Training for writing SWMS

Training for writing SWMS

Easy HR offer a short course aimed at assisting managers, builders, subcontractors write Safe Work Method Statements (also known as SWMS). See course schedule

A Safe Work Method Statement (SWMS) is developed by the employer for their employees or by a sub-contractor for work that they are performing. It details how specific risks in the workplace will be managed. The Safe Work Method Statement is usually developed in conjunction with a Job Safety Analysis (JSA).

No matter what industry you are in, Safe Work Method Statements should be used as part of your risk control strategy.

Course Content:

•  Risk Management principles

•  OH&S Legislation pertaining to Safe Work Method Statements

•  Overview of the different Safe Work Method Statement formats

•  Writing Safe Work Method Statements

•  Reviewing Safe Work Method Statements

•  Checking Safe Work Method Statements for compliance

AUSTRALIAN FEDERATION of EMPLOYERS and INDUSTRIES offers a course that enables participants to develop and write safe work method statements (SWMS). See more details

Designed For

Principal contractors, sub-contractors and workplace (construction) safety officers.

Content

The topics covered in this course include:

  • Key components of SWMS
  • General guidelines for preparing SWMS
  • OHS risk management
  • Consultation requirements for preparing SWMS
  • Establishing relationships between SWMS, OHS risk management, consultation and tool box meetings.

MASTER PLUMBERS ASSOCIATION has developed a (6) hour training course specifically for plumbers who need to write Safe Work Method Statements and want help to comply with the regulations. More details

During the course plumbers are given specialized tools to make the job of writing Safe Work Method Statements easier. Once you have completed this course, you will have demonstrated you;

· can conduct a workplace safety risk assessment

· can develop a Hazard Profile

· know how to write a Safe Work Method Statement

· know how to consult with your staff

· understand WorkCover NSW Codes of Practice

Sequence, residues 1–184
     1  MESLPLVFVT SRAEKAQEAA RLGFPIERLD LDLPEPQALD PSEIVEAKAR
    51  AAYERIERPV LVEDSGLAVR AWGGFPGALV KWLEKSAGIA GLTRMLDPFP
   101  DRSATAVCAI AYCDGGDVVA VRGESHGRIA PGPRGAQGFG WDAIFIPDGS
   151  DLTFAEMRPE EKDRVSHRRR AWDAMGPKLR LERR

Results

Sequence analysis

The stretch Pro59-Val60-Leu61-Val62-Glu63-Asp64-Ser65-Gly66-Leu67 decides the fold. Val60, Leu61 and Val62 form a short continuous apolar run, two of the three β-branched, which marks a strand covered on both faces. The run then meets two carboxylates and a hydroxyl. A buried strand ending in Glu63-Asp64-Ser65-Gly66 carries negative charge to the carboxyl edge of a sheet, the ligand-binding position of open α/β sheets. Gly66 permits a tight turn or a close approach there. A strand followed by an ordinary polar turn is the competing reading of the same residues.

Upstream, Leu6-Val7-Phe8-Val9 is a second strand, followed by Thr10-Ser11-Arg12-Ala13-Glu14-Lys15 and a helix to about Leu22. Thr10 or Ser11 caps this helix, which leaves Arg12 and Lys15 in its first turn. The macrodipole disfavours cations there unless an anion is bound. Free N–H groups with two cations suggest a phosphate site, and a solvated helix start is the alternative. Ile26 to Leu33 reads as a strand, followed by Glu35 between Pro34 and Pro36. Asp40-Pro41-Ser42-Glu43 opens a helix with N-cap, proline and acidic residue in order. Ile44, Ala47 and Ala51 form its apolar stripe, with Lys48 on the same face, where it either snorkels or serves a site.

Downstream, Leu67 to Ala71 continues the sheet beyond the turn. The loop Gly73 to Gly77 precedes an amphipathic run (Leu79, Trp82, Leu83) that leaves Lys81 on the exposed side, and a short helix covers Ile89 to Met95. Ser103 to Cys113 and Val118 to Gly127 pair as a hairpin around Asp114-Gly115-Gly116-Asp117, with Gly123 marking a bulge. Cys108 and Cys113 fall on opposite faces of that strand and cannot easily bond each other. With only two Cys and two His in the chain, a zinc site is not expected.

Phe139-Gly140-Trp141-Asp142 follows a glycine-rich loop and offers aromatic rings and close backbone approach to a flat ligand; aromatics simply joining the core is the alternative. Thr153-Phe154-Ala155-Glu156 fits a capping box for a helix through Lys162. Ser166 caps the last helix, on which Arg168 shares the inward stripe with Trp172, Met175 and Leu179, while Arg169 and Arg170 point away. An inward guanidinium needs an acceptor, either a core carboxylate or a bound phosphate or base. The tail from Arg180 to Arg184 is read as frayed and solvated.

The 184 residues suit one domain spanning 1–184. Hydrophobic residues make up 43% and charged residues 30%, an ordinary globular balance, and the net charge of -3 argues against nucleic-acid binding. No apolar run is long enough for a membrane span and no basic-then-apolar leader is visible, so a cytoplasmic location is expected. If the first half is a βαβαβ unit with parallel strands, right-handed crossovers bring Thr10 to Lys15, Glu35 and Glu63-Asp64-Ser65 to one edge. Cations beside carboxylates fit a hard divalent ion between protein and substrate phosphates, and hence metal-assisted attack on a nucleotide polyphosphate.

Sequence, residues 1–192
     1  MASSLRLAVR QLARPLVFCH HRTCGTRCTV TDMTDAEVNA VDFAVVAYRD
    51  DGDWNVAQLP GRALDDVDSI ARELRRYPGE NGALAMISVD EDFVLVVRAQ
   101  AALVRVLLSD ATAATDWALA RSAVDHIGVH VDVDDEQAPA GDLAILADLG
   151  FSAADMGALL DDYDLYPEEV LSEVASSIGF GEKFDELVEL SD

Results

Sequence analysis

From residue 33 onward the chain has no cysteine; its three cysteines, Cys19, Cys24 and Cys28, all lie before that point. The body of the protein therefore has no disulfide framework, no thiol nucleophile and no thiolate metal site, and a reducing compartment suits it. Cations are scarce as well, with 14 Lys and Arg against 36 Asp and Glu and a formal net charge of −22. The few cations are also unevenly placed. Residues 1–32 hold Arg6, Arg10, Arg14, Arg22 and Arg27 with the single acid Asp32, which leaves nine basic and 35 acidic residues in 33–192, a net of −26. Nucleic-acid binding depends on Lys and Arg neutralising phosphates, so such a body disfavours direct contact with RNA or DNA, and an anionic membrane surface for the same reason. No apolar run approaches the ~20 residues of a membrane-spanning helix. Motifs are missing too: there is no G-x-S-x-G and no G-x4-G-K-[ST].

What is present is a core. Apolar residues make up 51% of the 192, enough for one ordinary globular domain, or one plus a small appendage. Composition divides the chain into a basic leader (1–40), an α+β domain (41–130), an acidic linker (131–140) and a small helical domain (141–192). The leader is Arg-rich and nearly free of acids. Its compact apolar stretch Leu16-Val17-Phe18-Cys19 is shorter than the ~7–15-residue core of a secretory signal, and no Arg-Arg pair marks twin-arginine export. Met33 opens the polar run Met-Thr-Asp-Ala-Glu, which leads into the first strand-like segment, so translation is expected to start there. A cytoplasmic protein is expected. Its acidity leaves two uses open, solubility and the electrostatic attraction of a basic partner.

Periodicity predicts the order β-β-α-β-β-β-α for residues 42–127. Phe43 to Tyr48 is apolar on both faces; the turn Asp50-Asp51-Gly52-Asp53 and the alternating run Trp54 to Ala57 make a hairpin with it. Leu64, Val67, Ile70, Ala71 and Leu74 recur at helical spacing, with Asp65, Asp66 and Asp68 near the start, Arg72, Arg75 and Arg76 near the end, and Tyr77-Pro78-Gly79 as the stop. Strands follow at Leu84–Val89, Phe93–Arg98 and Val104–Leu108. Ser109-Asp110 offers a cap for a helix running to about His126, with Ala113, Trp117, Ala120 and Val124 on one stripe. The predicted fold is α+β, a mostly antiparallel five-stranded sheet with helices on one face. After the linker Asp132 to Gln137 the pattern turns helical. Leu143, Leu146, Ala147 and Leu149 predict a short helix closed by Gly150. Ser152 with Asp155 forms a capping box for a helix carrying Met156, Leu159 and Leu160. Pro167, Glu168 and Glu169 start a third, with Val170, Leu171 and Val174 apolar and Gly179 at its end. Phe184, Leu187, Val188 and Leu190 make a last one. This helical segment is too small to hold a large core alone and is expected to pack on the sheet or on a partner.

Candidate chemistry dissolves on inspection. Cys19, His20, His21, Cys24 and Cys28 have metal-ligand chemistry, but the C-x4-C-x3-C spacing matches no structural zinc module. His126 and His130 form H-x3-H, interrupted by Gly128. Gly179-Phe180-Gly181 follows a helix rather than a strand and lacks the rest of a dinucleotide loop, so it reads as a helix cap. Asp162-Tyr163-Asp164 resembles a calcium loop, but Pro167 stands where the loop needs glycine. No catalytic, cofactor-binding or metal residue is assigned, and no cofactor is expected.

· can write a Safe Work Method Statement (SWMS)

· understand Safe Work Instructions (SWI)

· know when to consult with your staff.

PEOPLE SAFE offer a half day on site training course aimed at assisting builders and subcontractors write Safe Work Method Statements (also known as SWMS). All course participants are provided with a blank Safe Work Method Statement format (that complies with clause 224 of the NSW OH&S Regulation 2001) that can be used as a foundation to develop their own Safe Work Method Statement. The course is presented in a workshop style format. More details

Course outline:
– Risk Management principles
– OH&S Legislation pertaining to Safe Work Method Statements
– Overview of the different Safe Work Method Statement formats
– Writing Safe Work Method Statements
– Reviewing Safe Work Method Statements
– Checking Safe Work Method Statements for compliance

Who should attend this course?
This course is designed for anyone who needs to write, review or check Safe Work Method Statements for compliance.

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Barry Spud

Barry Spud

Safety Crusader, Zero Harm Zealot and Compliance Controller at Everything Safety
Barry Spud

Latest posts by Barry Spud (see all)

Barry Spud
What is a Safety Spud? Lets look at a few more spud head activities in risk and safety: 1. Coming on to site saying there is a safety issue when in fact there’s no such thing, it’s a political issue. 2. ‘Falling apart’ when people make choices that we think are stupid because they won’t do as we ‘tell’ them. Then we put on the angry face and think that overpowering others creates ownership. 3. Putting on the zero harm face, presenting statistics, knowing it has nothing to do with culture, risk or safety. 4. Putting on the superman (hazardman) suit and pretending to be the saviour of everything, this is good spud head cynic stuff. 5. Thinking that everyone else is a spud head except me. 6. Thinking there’s such a thing as ‘common’ sense and using such mythology to blame and label others. 7. Accepting safety policies and processes that dehumanize others. 8. Blaming, ego-seeking, grandstanding and territory protecting behind the mask of safety. 9. Thinking that risk and safety is simple when in fact it is a wicked problem. Denying complexity and putting your spud head in the sand. 10. Continually repeating the nonsense language and discourse of risk aversion that misdirect people about risk, safety, learning and imagination.

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